Yellowstone shaking in the New Year

Hundreds of earthquakes are rumbling through Yellowstone National Park up to 3.9 on the Richter scale, enough almost be causing damage.

This shows how close the earthquakes are to each other:

Obama made his mark in Idaho

The biggest most important moment in Idaho in 2008?

This year it is not even close. When Barack Obama stood up in Taco Bell Arena and said “They told me there weren’t any Democrats in Idaho,” before a crowd of more than 14,000 people, it was clear he had broad appeal. For weeks after the Feb. 2 Boise appearance the national media ran the clip of his speech at Boise State University.

Lucas says giant solar and wind farms may go extinct

Laird Lucas looks at the wind farms and solar farms popping up across the West the same way my son looks at my old personal digital assistant.

Lucas is the lead attorney of Advocates for the West, a group of attorneys that has successfully driven much of the environmental changes forced upon Idaho over the last decade and a half. His court victories have caused Idaho lawmakers to spend millions of dollars to clean up rivers, caused ranchers to stop their cows from trampling stream banks and halted the building of a nuclear waste incinerator.

Wolf delisting decision won't come today

Wolves in the Northern Rockies won’t be removed from Endangered Species Act protection today and probably not this week.

The Bush Administration wants to remove them again before it leaves office but the process of getting such a major rule through the government during the holidays is daunting. It's especially hard when some issues remain unresolved.

What's the proper role of science in policy debates?

What should be the role of scientists in public policy?

Should they stick to science and leave the policy making to others? Should policy makers leave the science to scientists? How do policymakers and more important citizens of a democracy deal with scientific uncertainty in decisionmaking?

Hope can be found in Christmas bells

Even though we remain involved in two wars most Americans’ thought this Christmas are on the economy and how much they’ve lost. There also is the fear of losing more like their jobs, their health care or their homes. These feelings of despair often cloud those of hope even when our lives are not as troubled.

At Christmas I annually ponder Henry David Wadsworth Longfellow, the American poet of the 19th century, who knew these feelings well. For him they were strongest at Christmas time in 1863, when a weary America was in the middle of a bloody Civil War.

Salmon advocates call for BPA boss Wright's removal

Steve Wright leads one of the largest most carbon-free power providers in the United States.

The administrator of the Bonneville Power Administration is a Democrat. He just signed contracts with 135 public power customers that are designed to stabilize power rates in the region which are among the lowest in the nation.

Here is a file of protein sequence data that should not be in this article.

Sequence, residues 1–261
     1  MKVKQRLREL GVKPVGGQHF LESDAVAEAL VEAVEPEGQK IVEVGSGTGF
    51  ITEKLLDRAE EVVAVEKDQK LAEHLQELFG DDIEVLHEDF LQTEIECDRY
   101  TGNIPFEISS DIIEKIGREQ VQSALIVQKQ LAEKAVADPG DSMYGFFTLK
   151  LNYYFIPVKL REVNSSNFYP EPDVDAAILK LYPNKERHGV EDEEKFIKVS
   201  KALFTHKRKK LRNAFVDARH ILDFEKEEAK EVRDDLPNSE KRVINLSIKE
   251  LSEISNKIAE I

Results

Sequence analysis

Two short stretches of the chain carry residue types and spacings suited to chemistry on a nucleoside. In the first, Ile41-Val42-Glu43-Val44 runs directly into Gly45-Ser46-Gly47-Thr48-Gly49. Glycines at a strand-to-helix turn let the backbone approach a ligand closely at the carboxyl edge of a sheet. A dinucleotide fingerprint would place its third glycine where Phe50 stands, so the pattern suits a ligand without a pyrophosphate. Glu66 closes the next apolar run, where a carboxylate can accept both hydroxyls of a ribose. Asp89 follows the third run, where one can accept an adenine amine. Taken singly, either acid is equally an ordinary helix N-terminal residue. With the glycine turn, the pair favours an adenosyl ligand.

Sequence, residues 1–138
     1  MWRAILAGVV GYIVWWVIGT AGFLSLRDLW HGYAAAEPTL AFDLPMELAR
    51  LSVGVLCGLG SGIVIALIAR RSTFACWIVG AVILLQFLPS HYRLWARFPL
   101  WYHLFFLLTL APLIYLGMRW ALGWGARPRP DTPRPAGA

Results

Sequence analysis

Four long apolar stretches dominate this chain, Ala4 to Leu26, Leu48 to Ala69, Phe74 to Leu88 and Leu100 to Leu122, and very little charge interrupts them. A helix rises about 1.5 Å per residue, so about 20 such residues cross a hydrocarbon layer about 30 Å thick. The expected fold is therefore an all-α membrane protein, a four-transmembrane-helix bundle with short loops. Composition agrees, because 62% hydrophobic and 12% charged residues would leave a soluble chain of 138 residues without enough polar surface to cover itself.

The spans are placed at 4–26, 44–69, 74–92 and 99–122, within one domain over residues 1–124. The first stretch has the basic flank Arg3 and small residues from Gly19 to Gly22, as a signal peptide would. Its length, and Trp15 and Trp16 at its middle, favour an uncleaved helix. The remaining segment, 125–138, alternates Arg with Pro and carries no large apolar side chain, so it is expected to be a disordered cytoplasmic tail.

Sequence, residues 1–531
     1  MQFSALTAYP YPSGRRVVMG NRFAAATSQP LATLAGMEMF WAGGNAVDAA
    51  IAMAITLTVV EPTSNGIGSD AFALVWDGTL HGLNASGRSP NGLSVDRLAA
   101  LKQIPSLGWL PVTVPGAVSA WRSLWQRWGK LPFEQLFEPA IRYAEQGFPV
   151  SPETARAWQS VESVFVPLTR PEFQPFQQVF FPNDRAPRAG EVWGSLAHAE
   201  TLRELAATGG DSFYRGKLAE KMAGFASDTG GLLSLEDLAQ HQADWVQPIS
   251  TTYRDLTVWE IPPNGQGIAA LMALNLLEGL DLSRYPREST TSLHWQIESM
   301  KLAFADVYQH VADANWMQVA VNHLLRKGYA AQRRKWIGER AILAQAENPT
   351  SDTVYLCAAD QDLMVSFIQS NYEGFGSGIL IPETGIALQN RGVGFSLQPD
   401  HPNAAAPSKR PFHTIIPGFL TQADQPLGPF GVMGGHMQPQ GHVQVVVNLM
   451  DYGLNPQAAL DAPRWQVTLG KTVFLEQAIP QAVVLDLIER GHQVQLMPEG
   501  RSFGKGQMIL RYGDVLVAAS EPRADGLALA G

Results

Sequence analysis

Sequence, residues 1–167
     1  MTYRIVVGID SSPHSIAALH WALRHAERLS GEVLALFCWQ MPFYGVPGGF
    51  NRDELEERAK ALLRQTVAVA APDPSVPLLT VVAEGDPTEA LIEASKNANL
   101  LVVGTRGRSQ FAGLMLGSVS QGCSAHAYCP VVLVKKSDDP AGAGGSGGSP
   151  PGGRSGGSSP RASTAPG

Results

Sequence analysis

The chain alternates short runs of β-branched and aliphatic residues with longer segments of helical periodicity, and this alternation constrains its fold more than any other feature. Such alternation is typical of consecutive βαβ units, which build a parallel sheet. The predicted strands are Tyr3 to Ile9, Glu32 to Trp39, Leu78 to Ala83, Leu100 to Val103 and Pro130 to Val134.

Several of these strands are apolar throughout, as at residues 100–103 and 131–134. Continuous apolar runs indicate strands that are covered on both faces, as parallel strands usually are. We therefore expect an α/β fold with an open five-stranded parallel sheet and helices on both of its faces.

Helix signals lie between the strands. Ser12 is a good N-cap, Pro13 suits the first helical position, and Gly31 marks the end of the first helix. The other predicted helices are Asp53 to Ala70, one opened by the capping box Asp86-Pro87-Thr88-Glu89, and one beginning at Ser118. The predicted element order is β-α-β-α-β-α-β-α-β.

BPA has a power surplus.

So with climate change a major issue why does Wright have a target on his back with a Democratic administration prepared to take over? One word: salmon.

Craig leaves water studies hidden in omnibus bill

Republican Sen. Larry Craig will step down from the U.S. Senate in 10 days but he will leave at least one legacy waiting for completion in the next Congress.

Hidden deep in the nearly 150 public lands bills referred to as the Omnibus Public Land Management Act, which includes Sen. Mike Crapo’s Owyhee Canyonlands bill and a Snake River Wild and Scenic Rivers bill for Wyoming, is authorization for $3 million for feasibility studies of new dam and reservoir projects on the Snake River, Boise and Payette rivers in Idaho.

Sage grouse will be Salazar's first test

Interior Secretary nominee Ken Salazar's first test will come with his decision whether to list or not to list the sage grouse as threatened or endangered.

The bird is the canary in the coal mine of the health of millions of acres of sagebrush steppe habitat across 11 western states. The U.S. Fish and Wildlife Service must decide by May whether to list the bird after a decision by U.S. District Judge B. Lynn Winmill in Boise in a case filed on behalf of the Western Watersheds Project.

Assistant secretaries, agency heads will tease out Obama lands policies

Now that President-elect Barack Obama has nominees for Interior and Agriculture secretary the nitty gritty work begins.

Obama followed the pattern he has for all of his cabinet picks so far by picking two centralists, Colorado Sen. Ken Salazar for Interior Secretary and former Iowa Gov. Tom Vilsack. They are viewed a savvy political veterans who can work with people on both sides of the aisle to carry forth Obama’s policy, whatever it may be for public lands and rural America.

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